Smurfit Kappa, the Irish cardboard box-making giant, said on Friday that it is in mediation with representatives of indigenous in Colombia who claim a historic right to land controlled by the company in the South American country.
The comments came as a group of about 30 protesters, including members of Ekō, the non-profit group, Latin America Solidarity Campaign (Lasc), Environmental Paper Network and People Before Profit TD Richard Boyd Barrett on Friday campaigned outside Smurfit Kappa’s annual general meeting (agm) in Dublin for the second year in a row on behalf of the indigenous communities that assert an ancestral heritage to the land owned.
Colombia is home to Smurfit Kappa’s largest plantations, with two-thirds of its 68,000 hectares of land in the country planted with commercial forests and most of the remainder made up of natural forests. The Irish multinational, which entered the Colombian market in 1986, has insisted that the claims over its land are “without merit”.
However, an independent mediation process, overseen by Colombia’s Javeriana University, was established last December, with three meetings held since then and more planned later this year, Smurfit Kappa disclosed on Friday.
“We have an absolute right to the land that we have, but we are prepared to negotiate and mediate,” group chief executive Tony Smurfit told reporters after the meeting.
Meanwhile, Smurfit Kappa revealed in a short trading statement ahead of the agm that its debt burden had fallen to a record low level at the end of March, as its earnings rose 19 per cent during the first three months of the year.
The jump in profits came even as sales dipped 1 per cent during the period, with comments from the company in a brief trading update hours before its agm suggesting that the volume of corrugated boxes sold during quarter was down 6-7 per cent on the year amid a weakening global economy.
The group’s net debt stood at €2.94 billion at the end of the reporting period, equating to 1.2 times earnings before interest, tax, depreciation and amortisation (ebitda) for the previous 12 months, the company said in a brief trading statement.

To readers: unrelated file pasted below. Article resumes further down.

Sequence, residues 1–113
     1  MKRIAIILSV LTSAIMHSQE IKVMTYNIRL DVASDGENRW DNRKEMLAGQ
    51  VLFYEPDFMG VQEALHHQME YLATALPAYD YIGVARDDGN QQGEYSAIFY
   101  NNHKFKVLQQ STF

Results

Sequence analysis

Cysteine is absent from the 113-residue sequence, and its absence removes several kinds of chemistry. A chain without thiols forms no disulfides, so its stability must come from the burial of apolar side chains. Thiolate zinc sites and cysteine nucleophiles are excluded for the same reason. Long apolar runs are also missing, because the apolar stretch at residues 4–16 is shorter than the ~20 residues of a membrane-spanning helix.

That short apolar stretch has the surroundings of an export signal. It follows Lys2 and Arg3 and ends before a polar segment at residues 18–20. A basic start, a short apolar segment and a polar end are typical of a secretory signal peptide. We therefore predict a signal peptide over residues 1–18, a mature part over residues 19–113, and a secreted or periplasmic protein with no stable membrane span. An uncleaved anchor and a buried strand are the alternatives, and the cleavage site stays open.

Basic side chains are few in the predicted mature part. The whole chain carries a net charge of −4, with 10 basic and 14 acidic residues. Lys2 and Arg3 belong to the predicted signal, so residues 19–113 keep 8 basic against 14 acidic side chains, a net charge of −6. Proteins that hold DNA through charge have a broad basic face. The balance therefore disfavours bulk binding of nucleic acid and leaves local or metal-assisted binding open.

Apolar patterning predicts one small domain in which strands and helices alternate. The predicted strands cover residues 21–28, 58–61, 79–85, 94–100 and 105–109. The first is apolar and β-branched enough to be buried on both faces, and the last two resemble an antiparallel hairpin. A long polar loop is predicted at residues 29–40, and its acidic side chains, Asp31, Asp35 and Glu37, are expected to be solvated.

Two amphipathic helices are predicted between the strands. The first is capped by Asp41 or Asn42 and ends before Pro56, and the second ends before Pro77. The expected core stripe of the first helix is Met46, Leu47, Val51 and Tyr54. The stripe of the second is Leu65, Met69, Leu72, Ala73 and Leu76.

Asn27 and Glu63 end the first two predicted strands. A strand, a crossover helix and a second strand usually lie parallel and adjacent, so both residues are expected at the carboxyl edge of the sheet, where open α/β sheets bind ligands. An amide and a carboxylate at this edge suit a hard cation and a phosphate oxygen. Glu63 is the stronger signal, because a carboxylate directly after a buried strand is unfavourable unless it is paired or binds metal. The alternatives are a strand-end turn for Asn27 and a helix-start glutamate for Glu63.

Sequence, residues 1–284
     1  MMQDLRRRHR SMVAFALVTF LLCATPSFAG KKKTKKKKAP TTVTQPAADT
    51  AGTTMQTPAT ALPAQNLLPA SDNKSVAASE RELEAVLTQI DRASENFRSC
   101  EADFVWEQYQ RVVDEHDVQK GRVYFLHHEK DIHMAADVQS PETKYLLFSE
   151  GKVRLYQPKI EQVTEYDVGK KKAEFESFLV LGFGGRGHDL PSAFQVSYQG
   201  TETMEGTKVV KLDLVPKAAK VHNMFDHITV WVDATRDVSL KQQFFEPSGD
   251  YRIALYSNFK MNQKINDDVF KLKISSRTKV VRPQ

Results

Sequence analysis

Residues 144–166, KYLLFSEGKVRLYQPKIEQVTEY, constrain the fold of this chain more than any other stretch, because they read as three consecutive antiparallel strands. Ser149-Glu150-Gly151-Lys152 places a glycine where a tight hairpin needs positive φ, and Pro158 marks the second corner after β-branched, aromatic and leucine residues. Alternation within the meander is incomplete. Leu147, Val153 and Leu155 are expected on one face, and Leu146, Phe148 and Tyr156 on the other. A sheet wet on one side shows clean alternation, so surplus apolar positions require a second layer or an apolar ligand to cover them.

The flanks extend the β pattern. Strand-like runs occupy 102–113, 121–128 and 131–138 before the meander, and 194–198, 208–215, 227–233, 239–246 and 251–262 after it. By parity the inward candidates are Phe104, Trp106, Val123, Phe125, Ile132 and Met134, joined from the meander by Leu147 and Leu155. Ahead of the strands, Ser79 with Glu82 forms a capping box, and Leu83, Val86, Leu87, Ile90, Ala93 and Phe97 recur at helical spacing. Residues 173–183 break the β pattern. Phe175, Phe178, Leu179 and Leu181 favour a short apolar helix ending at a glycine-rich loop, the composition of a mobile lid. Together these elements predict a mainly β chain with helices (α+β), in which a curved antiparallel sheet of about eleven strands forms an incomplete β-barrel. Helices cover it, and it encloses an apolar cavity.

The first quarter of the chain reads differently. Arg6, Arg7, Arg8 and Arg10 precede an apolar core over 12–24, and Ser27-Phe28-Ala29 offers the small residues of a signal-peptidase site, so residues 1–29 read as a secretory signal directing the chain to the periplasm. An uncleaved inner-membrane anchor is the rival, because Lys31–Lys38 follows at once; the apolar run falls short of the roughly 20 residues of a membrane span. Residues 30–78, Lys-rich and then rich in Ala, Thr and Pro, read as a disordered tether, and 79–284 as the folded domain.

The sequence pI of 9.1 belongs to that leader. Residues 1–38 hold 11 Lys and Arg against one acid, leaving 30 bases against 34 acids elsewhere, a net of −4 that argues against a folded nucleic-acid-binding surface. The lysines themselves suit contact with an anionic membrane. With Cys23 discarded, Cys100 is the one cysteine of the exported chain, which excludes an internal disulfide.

The ratio was down from 1.3 times at the end of December, which the company had previously said was an all-time low level, and 1.6 a year earlier.
The state of the balance sheet means that “Smurfit Kappa has never been better positioned to continue to develop and take advantage of opportunities as they present themselves either through organic investments or acquisitions”, Mr Smurfit said.
Ebitda rose 19 per cent to €579 million in the first quarter, though revenues declined by 1 per cent to €2.99 billion, the company said. Its ebitda margin widened to 19.3 per cent from 17 per cent.
“This performance reflects the continuing benefits of our integrated model, the effectiveness of our capital spend, our constant focus on innovation for customers and our geographic footprint,” said Mr Smurfit.
Mr Smurfit said its sales volumes had declined year on year as demand was “broadly in line with the fourth quarter of 2022″. Goodbody Stockbrokers’ David O’Brien highlighted that this implies that volumes fell by 6-7 per cent during the reporting quarter, though box prices remained more than 10 per cent ahead on the year.
“We expect the demand environment to improve as the year progresses and SKG is well placed across our geographies to take advantage of this,” said Mr Smurfit.